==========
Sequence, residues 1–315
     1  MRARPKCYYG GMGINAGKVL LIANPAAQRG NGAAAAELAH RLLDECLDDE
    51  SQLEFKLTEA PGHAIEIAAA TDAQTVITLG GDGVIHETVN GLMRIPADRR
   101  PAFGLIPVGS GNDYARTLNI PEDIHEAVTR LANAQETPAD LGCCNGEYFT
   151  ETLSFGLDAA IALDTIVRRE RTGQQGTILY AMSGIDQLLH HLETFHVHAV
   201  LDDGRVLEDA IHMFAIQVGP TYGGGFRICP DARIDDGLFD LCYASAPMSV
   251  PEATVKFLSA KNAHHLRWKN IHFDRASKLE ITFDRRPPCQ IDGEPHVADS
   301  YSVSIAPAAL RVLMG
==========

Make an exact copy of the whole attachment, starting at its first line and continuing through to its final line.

Sequence, residues 1–315
     1  MRARPKCYYG GMGINAGKVL LIANPAAQRG NGAAAAELAH RLLDECLDDE
    51  SQLEFKLTEA PGHAIEIAAA TDAQTVITLG GDGVIHETVN GLMRIPADRR
   101  PAFGLIPVGS GNDYARTLNI PEDIHEAVTR LANAQETPAD LGCCNGEYFT
   151  ETLSFGLDAA IALDTIVRRE RTGQQGTILY AMSGIDQLLH HLETFHVHAV
   201  LDDGRVLEDA IHMFAIQVGP TYGGGFRICP DARIDDGLFD LCYASAPMSV
   251  PEATVKFLSA KNAHHLRWKN IHFDRASKLE ITFDRRPPCQ IDGEPHVADS
   301  YSVSIAPAAL RVLMG